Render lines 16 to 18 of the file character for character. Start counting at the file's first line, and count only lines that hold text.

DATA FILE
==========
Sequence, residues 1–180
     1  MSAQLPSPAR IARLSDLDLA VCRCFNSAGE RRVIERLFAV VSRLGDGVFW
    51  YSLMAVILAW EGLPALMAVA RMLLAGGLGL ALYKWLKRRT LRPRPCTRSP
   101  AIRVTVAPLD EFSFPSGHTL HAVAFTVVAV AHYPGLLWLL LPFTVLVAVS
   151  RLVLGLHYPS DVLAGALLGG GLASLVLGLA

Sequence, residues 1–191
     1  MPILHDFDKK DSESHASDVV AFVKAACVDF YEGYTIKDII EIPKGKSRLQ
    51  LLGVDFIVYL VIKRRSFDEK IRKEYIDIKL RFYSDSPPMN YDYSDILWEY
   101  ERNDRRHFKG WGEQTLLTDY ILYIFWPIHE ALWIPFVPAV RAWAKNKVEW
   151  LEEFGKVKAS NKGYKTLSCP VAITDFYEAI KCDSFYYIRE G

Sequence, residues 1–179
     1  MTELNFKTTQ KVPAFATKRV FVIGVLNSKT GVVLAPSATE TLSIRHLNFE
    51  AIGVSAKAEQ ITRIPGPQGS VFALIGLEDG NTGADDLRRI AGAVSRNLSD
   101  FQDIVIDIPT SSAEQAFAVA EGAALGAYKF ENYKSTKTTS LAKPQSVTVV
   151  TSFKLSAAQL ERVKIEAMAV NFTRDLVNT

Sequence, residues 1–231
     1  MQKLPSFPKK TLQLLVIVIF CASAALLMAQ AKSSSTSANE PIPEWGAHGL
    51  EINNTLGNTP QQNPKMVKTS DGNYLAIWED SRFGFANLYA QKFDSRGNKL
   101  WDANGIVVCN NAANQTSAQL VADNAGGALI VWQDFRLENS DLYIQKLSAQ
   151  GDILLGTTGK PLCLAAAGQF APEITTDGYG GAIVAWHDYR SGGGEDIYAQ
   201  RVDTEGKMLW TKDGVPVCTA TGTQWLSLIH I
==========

Sequence, residues 1–231
     1  MQKLPSFPKK TLQLLVIVIF CASAALLMAQ AKSSSTSANE PIPEWGAHGL
    51  EINNTLGNTP QQNPKMVKTS DGNYLAIWED SRFGFANLYA QKFDSRGNKL